The evolution of the Teachers' Registration Movement from 1846 to 2005

  • Richard Willis

    Student thesis: Doctoral Thesis


    The dominant theme is the examination of the development of the Teachers’ Registration Movement and within this context to consider the elements of conflict bearing on policy and decision-making. The submission explores the relationship between private teachers, as represented by the College of Preceptors and external agencies, in ways that no other work does: the position of the government in relation to private teachers is considered in the context of the royal commissions on education, of the early examinations provided by the College of Preceptors, Oxford and Cambridge universities and the Royal Society of Arts, and of the Scholastic Registration Association. Ground-breaking themes are employed in that (a) a comprehensive account of the Teachers’ Registration Movement is presented; (b) there is a consideration of the way in which conflict and divisions emerge within this development; (c) there is an examination of how elementary and secondary teachers interacted with the state over teachers’ registration (this involved a small-scale project conducted by me within the Education Department, University of Wales, Swansea in 1999); (d) attempts are made to relate issues of the past to present-day practice, e.g. the re-emergence of earlier principles to the Beloe Report recommendations. The submission’s extension of knowledge in the field is supported therefore in terms of the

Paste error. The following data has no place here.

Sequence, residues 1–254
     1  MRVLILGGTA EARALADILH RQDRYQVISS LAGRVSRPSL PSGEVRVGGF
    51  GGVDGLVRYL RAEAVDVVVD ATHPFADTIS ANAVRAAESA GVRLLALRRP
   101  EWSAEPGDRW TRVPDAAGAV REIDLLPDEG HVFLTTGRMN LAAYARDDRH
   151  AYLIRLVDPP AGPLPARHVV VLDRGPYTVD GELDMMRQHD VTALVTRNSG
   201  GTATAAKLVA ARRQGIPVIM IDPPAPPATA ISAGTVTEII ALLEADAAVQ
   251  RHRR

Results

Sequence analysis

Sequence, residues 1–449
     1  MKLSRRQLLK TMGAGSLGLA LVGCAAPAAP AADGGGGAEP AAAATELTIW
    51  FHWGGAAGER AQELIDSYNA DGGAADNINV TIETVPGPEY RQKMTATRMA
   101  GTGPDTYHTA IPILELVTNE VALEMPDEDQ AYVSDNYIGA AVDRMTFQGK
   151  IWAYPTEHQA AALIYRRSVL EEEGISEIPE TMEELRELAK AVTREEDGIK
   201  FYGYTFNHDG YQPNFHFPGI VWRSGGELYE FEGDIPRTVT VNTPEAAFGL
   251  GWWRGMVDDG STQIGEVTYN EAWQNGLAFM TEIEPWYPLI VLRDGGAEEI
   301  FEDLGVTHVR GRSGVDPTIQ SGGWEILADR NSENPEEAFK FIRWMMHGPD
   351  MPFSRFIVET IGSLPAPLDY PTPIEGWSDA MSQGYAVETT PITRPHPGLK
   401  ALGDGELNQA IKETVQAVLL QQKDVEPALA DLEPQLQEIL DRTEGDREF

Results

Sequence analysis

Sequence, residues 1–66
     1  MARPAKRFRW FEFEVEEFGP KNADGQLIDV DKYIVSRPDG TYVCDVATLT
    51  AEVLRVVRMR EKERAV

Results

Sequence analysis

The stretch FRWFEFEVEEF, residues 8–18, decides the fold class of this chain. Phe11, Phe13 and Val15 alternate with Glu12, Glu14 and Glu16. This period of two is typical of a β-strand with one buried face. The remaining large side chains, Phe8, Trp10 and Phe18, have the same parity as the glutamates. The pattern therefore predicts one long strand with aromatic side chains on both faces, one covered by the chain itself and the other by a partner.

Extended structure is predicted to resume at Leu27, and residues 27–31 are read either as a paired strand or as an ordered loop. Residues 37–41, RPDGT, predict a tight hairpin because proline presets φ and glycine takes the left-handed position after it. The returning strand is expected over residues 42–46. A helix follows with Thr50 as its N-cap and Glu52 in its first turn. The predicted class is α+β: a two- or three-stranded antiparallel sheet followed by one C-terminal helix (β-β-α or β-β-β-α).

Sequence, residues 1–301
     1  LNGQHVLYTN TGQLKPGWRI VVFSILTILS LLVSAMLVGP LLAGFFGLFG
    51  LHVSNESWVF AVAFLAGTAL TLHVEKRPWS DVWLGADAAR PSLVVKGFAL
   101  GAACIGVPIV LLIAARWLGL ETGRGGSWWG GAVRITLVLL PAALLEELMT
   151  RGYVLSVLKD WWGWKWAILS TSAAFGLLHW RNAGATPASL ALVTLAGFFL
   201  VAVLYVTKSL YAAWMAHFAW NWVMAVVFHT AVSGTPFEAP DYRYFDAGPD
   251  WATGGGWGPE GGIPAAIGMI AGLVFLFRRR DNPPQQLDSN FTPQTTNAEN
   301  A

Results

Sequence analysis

Date of AwardJan 2010
    Original languageEnglish


    • Teaching
    • Teachers
    • Professional education

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